Then, as I always do, I walked up the river trail out of town. I was reminded of the Wallace Stevens line, "We live in an old chaos of the sun," and the Steven Wright line, "God is a huge amplifier and life is just feedback." Nature is not a temple. Nature is a filthy nectar-dripping riot, and human hedonism is pinched and clunky in comparison.

June 7/11. Posted a couple weeks ago to Weird Collapse, The tragedy of the commons is a false and dangerous myth. Here's a 2008 article on the same subject, Debunking the 'Tragedy of the Commons', and here's how I've explained it before:

If you go out and look, land held in common tends to be managed well, and privately owned land tends to be exploited. But in 1968 a eugenicist named Garrett Hardin pulled a paper out of his ass that said exactly the opposite with no evidence, and the owning classes thought it was brilliant.

Does it matter that Hardin was a eugenicist? Yes, because it's the same kind of evil thinking. To support control of human breeding, you have to be comfortable that the people who will be doing the controlling, are people like you. So you have to be confident that you are a member of a justifiably power-holding class. Hardin also wrote a paper on "lifeboat ethics," again a thought experiment with no evidence, arguing that it's bad to give money to the poor.

Note that the ecological destruction of the modern era is not an example of the "tragedy of the commons," but the tragedy of central control and private property. Related, from 2007: Iain Boal: Specters of Malthus, a smart interview arguing that population only outruns food supply when there's non-local control of resources.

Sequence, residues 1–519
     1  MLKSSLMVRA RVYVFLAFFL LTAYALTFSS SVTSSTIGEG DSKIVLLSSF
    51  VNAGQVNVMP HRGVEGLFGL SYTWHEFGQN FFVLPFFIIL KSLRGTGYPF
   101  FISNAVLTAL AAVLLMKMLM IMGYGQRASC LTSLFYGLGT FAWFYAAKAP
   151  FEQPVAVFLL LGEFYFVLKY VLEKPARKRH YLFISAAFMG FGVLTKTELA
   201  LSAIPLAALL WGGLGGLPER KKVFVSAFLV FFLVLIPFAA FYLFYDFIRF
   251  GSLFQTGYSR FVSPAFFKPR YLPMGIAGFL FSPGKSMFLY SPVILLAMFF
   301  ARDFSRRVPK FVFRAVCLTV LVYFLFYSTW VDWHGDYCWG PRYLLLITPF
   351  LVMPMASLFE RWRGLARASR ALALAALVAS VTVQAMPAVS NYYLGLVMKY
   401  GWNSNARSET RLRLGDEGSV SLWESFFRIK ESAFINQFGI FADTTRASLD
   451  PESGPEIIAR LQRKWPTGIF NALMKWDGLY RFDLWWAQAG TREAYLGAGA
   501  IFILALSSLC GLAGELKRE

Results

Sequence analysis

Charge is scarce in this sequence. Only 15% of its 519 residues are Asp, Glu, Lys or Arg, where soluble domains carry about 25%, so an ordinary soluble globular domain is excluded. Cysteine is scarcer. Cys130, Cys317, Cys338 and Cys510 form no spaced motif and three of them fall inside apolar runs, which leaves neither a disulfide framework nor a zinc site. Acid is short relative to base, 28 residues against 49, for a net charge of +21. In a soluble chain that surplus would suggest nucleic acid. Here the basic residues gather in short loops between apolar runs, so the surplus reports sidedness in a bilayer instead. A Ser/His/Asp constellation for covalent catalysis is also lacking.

Matt comments:

To me, the most obvious rebuttal to the tragedy of the commons is the roommate who picks up after everybody else. It sucks to be that guy. I've been that guy. But I wasn't going to wash a cup every time I wanted a cup.

The tragedy of the commons assumes no one will care about their surroundings unless they fully own them. It's a weird thing to assume.

It also speaks to a weird sick pattern of possessive people: they express care for others/things in proportion to how much they can control others/things. There's also the weird sick pattern of assigning value only to that which can be controlled.

This reminds me of a Steven Wright line: "I have the world's largest collection of seashells. I keep it on all the beaches of the world."

June 9-10. On the subject of eugenics, I've been reminded that the definition of that word is broad enough that it can point to two things with no overlap. First, you can have laws that say people with bad genes aren't allowed to procreate -- but inevitably, the definition of "bad genes" is calculated backwards from whatever makes the people in power uncomfortable.